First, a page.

It may be a year or more before the first electric bus comes to Burlington streets, but that didn’t stop more than 200 experts, suppliers, academics and municipal officials from coming to town Oct. 17 and 18 to discuss Zero Emission Transit and the electrification of transit fleets.
They came from across Canada to attend the fifth annual Canadian Urban Transit Research & Innovation Consortium (CUTRIC) conference.
CUTRIC is a non-profit organization that spearheads, designs, and launches technology and commercialization projects that advance next-generation zero-carbon mobility and transportation solutions across Canada. The two-day event at the Burlington Convention Centre was opened by Mayor Marianne Meed Ward, who
spoke of her use of transit and recent developments to Burlington Transit such as free rides for seniors and youth.
“We know that there is a relationship between free fares and ridership.” said Meed Ward. “That just shows that the more you can do to reduce those barriers, the more you can get people on the bus and that makes it better for all people.”
Presentations and panel discussions at the conference focused on topics such as Overcoming Supply Chain Issues, Electric Bus Charging Infrastructure, Hydrogen Fuel Cell Buses, Unlocking Government Funding and more.
Catherine Baldelli, director of Burlington Transit, was on a panel to discuss how smaller transit fleets can transition to electrification. Burlington has a fleet of 79 conventional and specialized buses, compared to Toronto with over 2,000 buses and 1,000 streetcars. Winnipeg has 640 buses.
“Our journey towards zero emissions began a few years ago,” Baldelli explained to the crowd. “Burlington engaged CUTRIC to help Burlington have a better understanding of what fleet electrification would look like.
“The study included details about technology using battery electric buses and battery charging infrastructure. CUTRIC examined our routes, our transit schedules, traffic impediments, speed limits, and topography. This helped us understand the number of buses we would need to provide existing coverage and future expansion.”
Baldelli also shared some “lessons learned” through Burlington Transit’s planning stage.
“All major projects take time, so start now," she said. "Preparing for specifications, procurement, bus orders and delivery is not an overnight project. Engage your local hydro company because we don’t know how much power we’re going to need. Training will be important for all staff – maintenance, operating, planning and customer service. It’s also important to have a long term financial plan.”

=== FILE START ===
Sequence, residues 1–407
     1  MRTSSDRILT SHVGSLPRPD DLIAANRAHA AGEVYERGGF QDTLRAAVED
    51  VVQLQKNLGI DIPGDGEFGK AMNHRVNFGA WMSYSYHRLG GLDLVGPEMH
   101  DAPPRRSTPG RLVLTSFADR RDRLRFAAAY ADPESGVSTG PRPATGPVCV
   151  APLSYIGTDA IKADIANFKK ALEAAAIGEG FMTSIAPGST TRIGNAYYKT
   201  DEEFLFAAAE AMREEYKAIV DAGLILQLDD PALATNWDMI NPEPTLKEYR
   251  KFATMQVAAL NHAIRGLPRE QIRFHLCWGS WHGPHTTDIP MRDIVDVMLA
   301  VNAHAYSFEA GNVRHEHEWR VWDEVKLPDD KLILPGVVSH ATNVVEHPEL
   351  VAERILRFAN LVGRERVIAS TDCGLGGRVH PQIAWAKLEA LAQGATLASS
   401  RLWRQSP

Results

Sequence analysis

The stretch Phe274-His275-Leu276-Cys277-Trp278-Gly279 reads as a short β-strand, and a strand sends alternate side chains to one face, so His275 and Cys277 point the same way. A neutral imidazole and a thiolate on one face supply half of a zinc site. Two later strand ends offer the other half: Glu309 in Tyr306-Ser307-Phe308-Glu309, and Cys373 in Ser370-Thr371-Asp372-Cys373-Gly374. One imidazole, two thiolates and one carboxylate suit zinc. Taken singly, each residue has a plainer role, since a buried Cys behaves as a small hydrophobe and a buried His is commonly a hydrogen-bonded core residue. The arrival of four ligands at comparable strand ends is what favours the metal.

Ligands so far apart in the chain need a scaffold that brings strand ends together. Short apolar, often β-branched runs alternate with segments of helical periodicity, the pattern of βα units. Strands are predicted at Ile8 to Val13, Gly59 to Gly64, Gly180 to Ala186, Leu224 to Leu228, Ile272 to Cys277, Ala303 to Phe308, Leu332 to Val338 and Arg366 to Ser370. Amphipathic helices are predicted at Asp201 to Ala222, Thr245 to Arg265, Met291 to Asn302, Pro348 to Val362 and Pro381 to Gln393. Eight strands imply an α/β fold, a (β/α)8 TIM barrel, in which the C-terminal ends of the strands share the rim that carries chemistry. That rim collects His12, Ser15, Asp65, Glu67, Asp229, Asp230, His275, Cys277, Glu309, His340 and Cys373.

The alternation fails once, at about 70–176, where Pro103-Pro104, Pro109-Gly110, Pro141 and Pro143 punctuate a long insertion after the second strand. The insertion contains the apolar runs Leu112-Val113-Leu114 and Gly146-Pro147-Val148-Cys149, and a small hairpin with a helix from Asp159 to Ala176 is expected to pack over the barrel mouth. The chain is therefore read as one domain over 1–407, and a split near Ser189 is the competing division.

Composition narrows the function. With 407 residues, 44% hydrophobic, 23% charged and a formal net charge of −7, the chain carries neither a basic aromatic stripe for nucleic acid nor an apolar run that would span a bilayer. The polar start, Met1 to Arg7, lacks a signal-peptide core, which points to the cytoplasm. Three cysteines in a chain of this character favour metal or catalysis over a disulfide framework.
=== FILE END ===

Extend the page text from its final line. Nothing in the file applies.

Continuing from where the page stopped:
Burlington Transit, in conjunction with London Transit and working in partnership with CUTRIC, is part of a joint procurement arrangement to purchase four electric buses in a pilot program for Burlington and 10 for London. Kelly Paleczny, general manager of London Transit (223 buses) was also on the panel describing how the mayor of London suddenly announced in 2020 that the city would be the first in Canada to have an all-electric fleet – much to the surprise of those at London Transit.
The takeaway, according to Paleczny, was to keep in communication with municipal leaders and start planning today for what seems inevitable. However, Paleczny also cautioned that transit systems should not ignore services such as ease of use, connectivity, and ridership growth while transitioning the fleet to electric or hybrid buses.
A panel on “The Synergy between Regulated Utilities and Service Providers” highlighted the importance for large energy consumers, such as a transit system going all-electric, to plan far in advance and work in conjunction with the local utility to avoid delays.
It was noted that, for some utilities, the introduction of an all-electric fleet might be one of the biggest consumers of electricity for that utility. Large consumers, unlike residences, must make arrangements through third parties to install and maintain their power consumption infrastructure.
CUTRIC President and CEO Josipa Petrunic told BurlingtonToday.com that a presentation will be made to Burlington City Council in December and that preparations for the purchase of four battery electric buses are around the corner.
“We’re now in the requests for proposal stage for Burlington Transit and the utility (Burlington Hydro) to make sure that as we go out with the final procurement specifications for the first four buses they match not only that the model will work but also what the market says is available.”
Again and again what was heard at the Zero Emission Transit and Mobility conference was that there are a lot of moving parts to achieving zero-emission fleets, but with like-minded partnerships, knowledge sharing among transit systems and the many other players at the table, it is doable.